It’s that time of the year when our thoughts turn to the wonder of winter’s first snowfall. I think I’ve found the Perfect Picture Book to help get you in the mood!
Title: A Sled for Gabo
Written By: Emma Otheguy
Illustrated By: Ana Ramírez González
Publisher/Date: Atheneum Books for Young Readers/2021
Suitable for Ages: 4-8
Themes/Topics: snow, sledding, multicultural, overcoming shyness, moving
Opening: The day it snowed Gabo followed the whistling sound of an old steam radiator into the kitchen.
Gabo, a young boy experiencing a snowy day for the first time, longs to join school friends on sleds, but he’s shy, and he lacks a sled and warm winter gear.
Links to Resources:
- See how many of the Sled for Gabo Bingo activities you can complete;
- If snow has fallen near your home, plan a sledding party. Add a hot cocoa bar or a hot treat you love to warm up afterwards;
- Check out the terrific Curriculum Guide for even more ideas.
Why I Like this Book:
In A Sled for Gabo, Otheguy captures the excitement of experiencing snow and sledding for the first time, and she raises the issue the that you need warm clothes and a sled to enjoy the wintry activity.
From the outset, with the mention of an “old steam radiator”, it’s clear that money isn’t plentiful in Gabo’s household. Readers soon learn that Gabo didn’t have a sled, he wore thin cotton socks, he lacked waterproof boots, and his winter hat was too small. But his Mami improvised, as parents often do, and bundled him into layers of socks and his father’s larger hat, and she used plastic bags tied with string to keep Gabo’s sneakers dry. I love how Gabo smiled at the bags and displayed no hints of being self-conscious about his make-shift winterwear.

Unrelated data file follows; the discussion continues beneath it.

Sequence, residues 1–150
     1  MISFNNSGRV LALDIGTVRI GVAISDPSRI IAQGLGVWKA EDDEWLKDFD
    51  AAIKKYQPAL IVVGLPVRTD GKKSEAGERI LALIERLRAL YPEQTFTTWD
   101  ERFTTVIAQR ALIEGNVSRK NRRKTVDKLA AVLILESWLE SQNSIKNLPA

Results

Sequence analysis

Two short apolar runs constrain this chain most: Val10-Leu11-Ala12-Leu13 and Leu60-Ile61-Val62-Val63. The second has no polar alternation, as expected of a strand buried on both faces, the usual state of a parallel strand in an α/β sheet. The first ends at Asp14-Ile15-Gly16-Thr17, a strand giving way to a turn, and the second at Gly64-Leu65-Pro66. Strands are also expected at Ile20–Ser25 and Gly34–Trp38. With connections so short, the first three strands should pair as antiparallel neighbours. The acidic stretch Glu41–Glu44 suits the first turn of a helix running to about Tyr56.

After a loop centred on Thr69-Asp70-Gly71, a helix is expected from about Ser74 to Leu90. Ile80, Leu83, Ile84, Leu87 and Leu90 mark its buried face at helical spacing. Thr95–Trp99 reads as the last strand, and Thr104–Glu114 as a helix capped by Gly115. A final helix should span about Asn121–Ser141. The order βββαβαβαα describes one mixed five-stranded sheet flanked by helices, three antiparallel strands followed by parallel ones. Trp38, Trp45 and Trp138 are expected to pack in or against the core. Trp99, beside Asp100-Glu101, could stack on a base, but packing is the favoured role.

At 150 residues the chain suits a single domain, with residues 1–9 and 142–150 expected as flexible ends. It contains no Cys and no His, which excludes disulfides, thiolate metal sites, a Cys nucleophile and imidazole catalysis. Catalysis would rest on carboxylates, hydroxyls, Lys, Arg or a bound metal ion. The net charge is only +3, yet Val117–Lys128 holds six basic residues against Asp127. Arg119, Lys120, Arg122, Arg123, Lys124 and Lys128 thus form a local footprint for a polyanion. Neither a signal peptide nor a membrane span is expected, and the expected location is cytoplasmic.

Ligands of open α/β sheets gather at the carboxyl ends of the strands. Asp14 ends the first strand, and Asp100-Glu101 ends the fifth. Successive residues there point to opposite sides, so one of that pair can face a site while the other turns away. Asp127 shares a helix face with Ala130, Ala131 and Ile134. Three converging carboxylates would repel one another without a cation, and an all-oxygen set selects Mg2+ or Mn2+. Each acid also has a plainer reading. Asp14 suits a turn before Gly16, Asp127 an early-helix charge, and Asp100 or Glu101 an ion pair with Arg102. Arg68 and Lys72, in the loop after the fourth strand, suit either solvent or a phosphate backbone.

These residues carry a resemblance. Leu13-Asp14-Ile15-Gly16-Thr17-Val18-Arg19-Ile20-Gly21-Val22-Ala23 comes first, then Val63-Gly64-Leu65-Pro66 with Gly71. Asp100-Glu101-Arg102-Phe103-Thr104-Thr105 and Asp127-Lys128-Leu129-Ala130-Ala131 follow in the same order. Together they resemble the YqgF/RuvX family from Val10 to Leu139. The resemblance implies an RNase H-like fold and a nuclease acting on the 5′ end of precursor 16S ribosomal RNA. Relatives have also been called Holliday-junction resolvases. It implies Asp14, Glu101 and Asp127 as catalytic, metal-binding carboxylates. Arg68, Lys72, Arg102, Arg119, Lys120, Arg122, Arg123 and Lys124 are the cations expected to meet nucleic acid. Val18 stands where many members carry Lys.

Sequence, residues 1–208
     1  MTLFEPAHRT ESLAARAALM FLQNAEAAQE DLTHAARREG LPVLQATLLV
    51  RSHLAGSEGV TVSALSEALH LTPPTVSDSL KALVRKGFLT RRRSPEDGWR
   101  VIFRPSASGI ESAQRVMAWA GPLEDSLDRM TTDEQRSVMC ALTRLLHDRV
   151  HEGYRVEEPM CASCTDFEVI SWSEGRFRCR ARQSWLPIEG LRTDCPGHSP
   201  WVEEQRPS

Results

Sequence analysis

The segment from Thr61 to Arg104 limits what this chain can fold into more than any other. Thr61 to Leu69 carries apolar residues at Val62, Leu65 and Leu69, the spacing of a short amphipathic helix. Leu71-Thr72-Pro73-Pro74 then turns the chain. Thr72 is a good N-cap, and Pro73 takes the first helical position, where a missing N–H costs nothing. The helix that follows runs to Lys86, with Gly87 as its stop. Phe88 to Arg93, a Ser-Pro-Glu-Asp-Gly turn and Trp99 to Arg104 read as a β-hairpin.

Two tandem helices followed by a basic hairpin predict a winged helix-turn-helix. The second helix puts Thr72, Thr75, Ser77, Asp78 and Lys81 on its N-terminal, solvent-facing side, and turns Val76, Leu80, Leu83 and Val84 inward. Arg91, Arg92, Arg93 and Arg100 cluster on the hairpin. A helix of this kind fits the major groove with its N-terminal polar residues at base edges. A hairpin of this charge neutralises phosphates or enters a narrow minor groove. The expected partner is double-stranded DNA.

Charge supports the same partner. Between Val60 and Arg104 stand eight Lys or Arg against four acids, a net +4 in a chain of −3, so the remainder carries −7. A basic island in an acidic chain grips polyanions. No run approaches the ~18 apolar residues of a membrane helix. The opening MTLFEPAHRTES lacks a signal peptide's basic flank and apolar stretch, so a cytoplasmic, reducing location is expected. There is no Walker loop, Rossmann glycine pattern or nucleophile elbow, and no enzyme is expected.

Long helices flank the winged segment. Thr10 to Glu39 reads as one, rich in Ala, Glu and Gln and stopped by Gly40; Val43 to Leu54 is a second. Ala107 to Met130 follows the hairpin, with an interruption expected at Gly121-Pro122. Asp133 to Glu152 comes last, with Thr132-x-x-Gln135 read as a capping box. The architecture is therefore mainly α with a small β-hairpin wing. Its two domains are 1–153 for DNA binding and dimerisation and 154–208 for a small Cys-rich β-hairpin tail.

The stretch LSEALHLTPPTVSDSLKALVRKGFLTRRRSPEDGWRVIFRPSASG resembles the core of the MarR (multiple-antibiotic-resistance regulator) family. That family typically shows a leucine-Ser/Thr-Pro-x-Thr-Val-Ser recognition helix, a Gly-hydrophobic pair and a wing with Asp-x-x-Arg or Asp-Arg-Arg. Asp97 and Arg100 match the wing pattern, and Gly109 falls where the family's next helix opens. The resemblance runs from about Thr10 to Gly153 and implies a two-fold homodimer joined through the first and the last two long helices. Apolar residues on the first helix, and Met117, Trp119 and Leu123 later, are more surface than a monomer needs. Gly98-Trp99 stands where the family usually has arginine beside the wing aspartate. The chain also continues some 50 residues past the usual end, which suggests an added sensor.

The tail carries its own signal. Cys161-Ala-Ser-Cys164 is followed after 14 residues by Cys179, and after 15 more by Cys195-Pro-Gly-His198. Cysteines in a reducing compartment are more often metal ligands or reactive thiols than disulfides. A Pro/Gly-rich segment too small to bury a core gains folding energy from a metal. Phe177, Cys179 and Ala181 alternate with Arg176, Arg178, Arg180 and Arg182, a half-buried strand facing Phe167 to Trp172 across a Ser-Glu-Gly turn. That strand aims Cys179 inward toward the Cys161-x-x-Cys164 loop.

Gabo then set off to find a sled. He was too shy to approach the other children to ride on their sleds. He visited adult neighbors and asked them for a sled. But no one had one. Instead, one resourceful adult presented Gabo with a cafeteria tray, which, as anyone who grew up among snowy hills knows, can be even faster and more fun than an actual sled. As snow and sledding were new to Gabo, though, he didn’t realize this, until, that is, a new friend showed him.
I think both children who have experienced sledding and those who are new to wintry weather will enjoy A Sled for Gabo. The story not only brought back many memories of snowy days from my youth, but it also helped me empathize with children who have lived in warmer climates and are experiencing snow for the first time, especially if they lack the right gear and the money to pay for it. I also love how Otheguy weaves together the themes of friendship, experiencing a new environment, and overcoming hesitancy.
Bright primary colors warm up the wintry scenes and highlight the friendliness of Gabo’s welcoming neighbors.
A Note about Craft:
Otheguy’s choice of words helps readers recognize several important aspects of the story: an old steam radiator whistles – clearly this isn’t a fancy new or updated house. We feel the wintry weather with Gabo when “his warm breath bloomed a cloud of fog onto the glass.” Mami converses in Spanish, and Gabo answers a neighbor with “No gracias.” Gabo and his new friend share warmed dulce de leche after playing in the snow.
This Perfect Picture Book entry is being added to Susanna Hill’s Perfect Picture Book list. Check out the other great picture books featured there!